The Practice of Compassion

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Approaches to enhancing compassion

Start with yourself

Does the ideal of developing unconditional compassionate kindness mean that we must forsake our own interests altogether?

The best way of helping others, the Dalai Lama says, is to cultivate happiness in ourselves.

There is a sense to compassion of its being a state of mind that can include a wish for good things for oneself. In developing compassion, perhaps one could begin with the wish that oneself be free of suffering, and then take that natural feeling towards oneself and cultivate it, enhance it, and extend it out to include and embrace others.

We have learned that an understanding of reality and of suffering are tools to our inner contentment and freedom from afflictive emotions. Ultimately, our greatest inner peace comes from our connection with others.

If it is correct that those qualities such as love, patience, tolerance, and forgiveness are what happiness consists in, and if it is also correct that nyingje, or compassion, as I have defined it, is both the source and the fruit of these qualities, then the more we are compassionate, the more we provide for our own happiness.

Beyond the boundary of our self

When we move beyond ourselves, we come up against our partiality, who we are inclined to love.

Where do you draw the boundary of your sense of empathy and compassion? Family? Extended family? Close friends? Acquaintances?  Colleagues? Company? Town? Nation? Poor people?

Who do you think of as legitimately outside your circle of empathy and compassion?  Strangers? Democrats?  Republicans? People of a different race? Abortionists? Murderers? Pedophiles? Hitler?

Meditation on compassion

There are many visualizations or meditations you can do to connect with the suffering of others. We will offer many of these in future courses. Here, for now, is a simple meditation the Dalai Lama recommends:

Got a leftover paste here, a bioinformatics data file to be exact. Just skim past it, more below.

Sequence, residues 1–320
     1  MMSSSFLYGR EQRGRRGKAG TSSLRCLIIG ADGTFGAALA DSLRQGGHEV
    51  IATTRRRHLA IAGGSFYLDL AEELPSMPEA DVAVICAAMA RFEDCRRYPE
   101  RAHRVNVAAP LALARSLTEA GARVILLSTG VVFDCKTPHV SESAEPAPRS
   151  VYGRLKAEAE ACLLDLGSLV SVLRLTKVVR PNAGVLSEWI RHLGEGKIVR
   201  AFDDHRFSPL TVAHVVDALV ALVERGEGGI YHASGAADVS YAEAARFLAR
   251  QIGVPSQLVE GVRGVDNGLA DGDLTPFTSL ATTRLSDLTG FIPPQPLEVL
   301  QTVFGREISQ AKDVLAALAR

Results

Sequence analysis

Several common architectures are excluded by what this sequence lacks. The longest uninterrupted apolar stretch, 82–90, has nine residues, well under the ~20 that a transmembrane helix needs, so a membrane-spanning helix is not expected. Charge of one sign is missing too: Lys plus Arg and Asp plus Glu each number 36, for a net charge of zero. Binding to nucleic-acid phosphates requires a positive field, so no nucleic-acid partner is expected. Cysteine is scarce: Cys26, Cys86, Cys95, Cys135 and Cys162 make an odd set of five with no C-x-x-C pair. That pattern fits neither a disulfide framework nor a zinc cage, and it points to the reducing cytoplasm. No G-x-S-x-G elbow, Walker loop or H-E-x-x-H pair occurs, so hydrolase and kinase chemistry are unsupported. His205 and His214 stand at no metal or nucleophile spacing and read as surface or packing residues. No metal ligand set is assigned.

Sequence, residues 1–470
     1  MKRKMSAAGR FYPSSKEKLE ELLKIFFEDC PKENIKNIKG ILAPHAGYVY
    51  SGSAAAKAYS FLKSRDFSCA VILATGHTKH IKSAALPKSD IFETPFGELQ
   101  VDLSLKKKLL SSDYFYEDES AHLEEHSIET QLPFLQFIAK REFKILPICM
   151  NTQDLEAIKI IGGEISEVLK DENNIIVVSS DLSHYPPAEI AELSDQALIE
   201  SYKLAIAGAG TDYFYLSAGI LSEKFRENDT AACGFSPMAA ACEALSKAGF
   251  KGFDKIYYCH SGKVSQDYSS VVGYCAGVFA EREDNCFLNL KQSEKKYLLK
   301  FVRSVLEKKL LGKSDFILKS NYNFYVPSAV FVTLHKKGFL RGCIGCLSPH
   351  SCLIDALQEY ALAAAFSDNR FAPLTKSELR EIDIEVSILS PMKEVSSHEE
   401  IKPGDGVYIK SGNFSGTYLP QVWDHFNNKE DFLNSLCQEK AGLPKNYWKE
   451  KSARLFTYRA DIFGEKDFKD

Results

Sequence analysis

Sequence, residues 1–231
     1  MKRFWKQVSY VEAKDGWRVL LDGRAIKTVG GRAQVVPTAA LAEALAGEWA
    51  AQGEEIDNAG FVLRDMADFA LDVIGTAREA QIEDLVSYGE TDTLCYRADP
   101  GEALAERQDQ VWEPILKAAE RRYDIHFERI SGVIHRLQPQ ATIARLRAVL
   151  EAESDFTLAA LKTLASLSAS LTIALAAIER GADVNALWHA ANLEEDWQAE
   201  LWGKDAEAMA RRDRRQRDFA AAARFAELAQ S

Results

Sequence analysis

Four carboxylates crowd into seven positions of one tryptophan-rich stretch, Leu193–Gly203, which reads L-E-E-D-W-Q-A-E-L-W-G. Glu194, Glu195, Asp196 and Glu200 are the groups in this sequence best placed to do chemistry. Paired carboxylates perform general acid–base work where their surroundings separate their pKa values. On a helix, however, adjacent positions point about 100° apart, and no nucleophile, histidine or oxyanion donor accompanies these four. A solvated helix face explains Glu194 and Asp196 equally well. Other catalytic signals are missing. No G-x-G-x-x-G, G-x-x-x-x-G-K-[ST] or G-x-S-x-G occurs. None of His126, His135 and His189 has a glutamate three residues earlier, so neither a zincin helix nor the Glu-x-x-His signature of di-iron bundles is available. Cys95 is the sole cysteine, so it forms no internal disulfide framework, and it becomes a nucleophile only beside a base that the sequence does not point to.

Begin by visualizing a person who is acutely suffering, someone who is in pain or is in a very unfortunate situation. For the first three minutes of the meditation, reflect on that individual's suffering in an analytic way — think about their intense suffering and the unfortunate state of that person's existence.

After thinking about that person's suffering for a few minutes, next try to relate that to yourself, thinking, "that individual has the same capacity for experiencing pain, joy, happiness, and suffering that I do."

Then, try to allow your natural response to arise — a natural feeling of compassion towards that person. Try to arrive at a conclusion: thinking how strongly you wish for that person to be free from that suffering. And resolve that you will help that person to be relieved from their suffering.

Finally, place your mind single-pointedly on that kind of conclusion or resolution, and for the last few minutes of the meditation try to simply generate your mind in a compassionate or loving state.

See the Ashoka course Cultivating Compassion, taught by Prof. Jeffrey Hopkins, long-time translator for and collaborator with the Dalai Lama. >>>